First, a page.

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Just how do I get my company’s website onto Page 1 of Google results?

Just how do I get my company’s website onto Page 1 of Google results?

Ask Silver Bullet: August 2017

The short answer here is invest in SEO, or Search Engine Optimisation, which is the process of improving search traffic for a website and increasing the website’s online visibility, but rather than just leave it at marketing speak, let’s look at how this can be done practically.

The first point to stress is that whatever claims SEO companies may make, very few people outside Google itself know the exact configuration of the Google algorithm which constantly evolves. What is known is that there are over 200 factors that determine an individual page’s score - and remember, SEO works on individual pages, not websites as a whole.

It’s common knowledge that given a substantial budget, any site can achieve Google supremacy by Pay Per Click (PPC) paid advertising and many organisations find this a proven way of attracting customers - look at the paid for adverts of the car insurance, energy, telephone and other price comparison sites. Whilst this obviously works well for such mass traffic sites and gives a good return on their investment, it can prove prohibitively expensive for many organisations dependant on the popularity of the key words they use - the more obscure, the cheaper they are as less organisations are bidding to use them.

Google Adwords is perhaps the most common platform, with your web site then featured in the paid for advertisements sections at the top and right hand side of the Google results. The costs vary enormously dependent on the phraseology chosen for the search. Once decided, advertisers can then set their budget that will determine how many times the advert appears and is clicked on to direct traffic through to their own web site.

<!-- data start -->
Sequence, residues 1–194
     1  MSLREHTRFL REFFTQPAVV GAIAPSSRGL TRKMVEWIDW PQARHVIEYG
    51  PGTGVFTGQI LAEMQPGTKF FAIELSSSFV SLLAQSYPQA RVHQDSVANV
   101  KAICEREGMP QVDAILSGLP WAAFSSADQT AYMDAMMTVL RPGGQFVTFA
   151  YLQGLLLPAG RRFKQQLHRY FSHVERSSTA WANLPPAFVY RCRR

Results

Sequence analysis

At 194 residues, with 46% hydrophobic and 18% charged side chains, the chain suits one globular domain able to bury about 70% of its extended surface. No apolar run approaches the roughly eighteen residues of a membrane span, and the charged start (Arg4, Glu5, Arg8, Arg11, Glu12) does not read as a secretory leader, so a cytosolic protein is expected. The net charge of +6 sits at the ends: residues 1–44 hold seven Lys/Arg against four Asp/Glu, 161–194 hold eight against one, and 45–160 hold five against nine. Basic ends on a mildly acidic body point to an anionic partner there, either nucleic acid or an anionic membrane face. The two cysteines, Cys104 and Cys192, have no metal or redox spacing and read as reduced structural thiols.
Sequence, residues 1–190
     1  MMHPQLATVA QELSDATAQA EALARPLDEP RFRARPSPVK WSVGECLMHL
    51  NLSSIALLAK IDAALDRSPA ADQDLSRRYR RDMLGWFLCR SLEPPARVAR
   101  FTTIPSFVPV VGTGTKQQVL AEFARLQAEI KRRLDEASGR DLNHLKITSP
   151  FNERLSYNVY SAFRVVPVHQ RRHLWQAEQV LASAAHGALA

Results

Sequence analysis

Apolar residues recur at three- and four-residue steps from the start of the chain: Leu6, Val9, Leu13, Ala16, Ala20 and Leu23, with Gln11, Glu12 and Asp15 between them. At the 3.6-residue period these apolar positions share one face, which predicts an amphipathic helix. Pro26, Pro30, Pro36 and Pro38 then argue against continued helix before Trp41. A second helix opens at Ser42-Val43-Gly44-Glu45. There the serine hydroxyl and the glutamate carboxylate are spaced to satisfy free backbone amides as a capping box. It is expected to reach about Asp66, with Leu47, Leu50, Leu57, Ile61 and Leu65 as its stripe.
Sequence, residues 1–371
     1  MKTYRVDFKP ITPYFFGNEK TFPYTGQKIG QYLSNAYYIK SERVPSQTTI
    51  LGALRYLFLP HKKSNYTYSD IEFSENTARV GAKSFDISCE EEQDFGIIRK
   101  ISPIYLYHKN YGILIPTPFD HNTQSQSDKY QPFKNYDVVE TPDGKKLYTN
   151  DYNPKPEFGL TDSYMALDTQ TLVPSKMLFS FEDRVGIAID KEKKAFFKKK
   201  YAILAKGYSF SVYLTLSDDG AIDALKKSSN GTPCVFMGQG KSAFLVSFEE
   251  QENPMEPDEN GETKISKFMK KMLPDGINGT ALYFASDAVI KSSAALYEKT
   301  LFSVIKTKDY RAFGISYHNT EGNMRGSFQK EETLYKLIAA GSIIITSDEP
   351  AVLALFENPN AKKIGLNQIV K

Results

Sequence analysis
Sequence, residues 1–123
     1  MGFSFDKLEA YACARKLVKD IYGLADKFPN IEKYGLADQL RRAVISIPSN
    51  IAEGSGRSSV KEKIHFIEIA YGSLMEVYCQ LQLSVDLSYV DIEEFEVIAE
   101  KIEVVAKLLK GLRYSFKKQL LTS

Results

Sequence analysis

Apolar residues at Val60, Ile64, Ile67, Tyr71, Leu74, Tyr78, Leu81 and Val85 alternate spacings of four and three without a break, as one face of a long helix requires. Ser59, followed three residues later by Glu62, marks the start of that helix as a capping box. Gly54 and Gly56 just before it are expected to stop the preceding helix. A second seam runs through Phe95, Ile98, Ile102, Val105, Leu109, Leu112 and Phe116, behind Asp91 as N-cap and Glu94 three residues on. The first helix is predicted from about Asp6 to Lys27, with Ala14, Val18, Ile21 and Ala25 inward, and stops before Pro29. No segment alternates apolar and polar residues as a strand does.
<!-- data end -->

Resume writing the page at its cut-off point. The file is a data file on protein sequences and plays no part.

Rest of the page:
Is it successful? Well, given that it is Google’s main source of revenue, creating an eye-watering $19.1 billion in 2016, you’d have to say overall, yes, but it is expensive, making it difficult for companies with more modest marketing budgets to compete with the big boys who can bid higher and longer for the key words required to increase online visibility and drive traffic. 

The alternative, and to ourselves, highly preferred method is organic SEO, whereby relevant keywords and content integral to the site will be picked up by search engines. Links to and, especially from, other sites are also important to increasing the site’s ranking as is the frequency of updates but at the end of the day, and this can’t be over emphasised enough, content is king  - your website has to be fresh, interesting and relevant. If it is, it will move up the pages over time, but this doesn’t happen overnight.

So, there are a few basic rules of thumb here for successful organic SEO. Firstly, and ironically seeing as we’re talking about an algorithm not Artificial Intelligence, is your pages have to gain Google’s trust - they have to be what they say they are and if you try to scam Google, your SERP (Search Engine Ranking Page) will suffer. Secondly, your site has to be responsive to different devices - Google made a massive change in 2015 to rank responsiveness very highly to reflect the growing percentage of Internet views from mobile devices - if your site isn’t responsive now, you’ll probably be throwing your money away on anything but PPC.

Thirdly, content is and will always be king - your site has to be fresh and interesting to visitors. Google’s stated aim is to increase the quality of information available on the web and it ranks quality content very highly. Fourthly, keywords and here it’s not only exact match keywords but also what’s known as LSI or Latent Semantic Indexing keywords - for ourselves, for example this would mean ‘marketing’ as a key word but also ‘promoting services’, ‘creating sales’ and other LSI phrases. If our content stressed ‘marketing’ in every other word, the article would not only be unreadable at best or gibberish at worst, but it would also be picked up by Google’s Penguin algorithm - a filter specifically designed to detect sites which are spamming Google’s search results - which could decimate our ranking.

Finally, never forget links to and especially from other websites - there is a direct correlation between the quality and quantity of links to your pages and your SERP.

The quality of the links are especially important with referring sites such as .gov.uk or other ‘blue chip’ organisations especially valuable to your SEO.

Do you need some assistance with your marketing? Do you need to review your strategy or do you have another marketing question we can help with? Talk to us. Email your questions anonymously to us today hello@silverbulletmarketing.co.uk  or Tweet us (not so anonymously) @SilverBulletPR.

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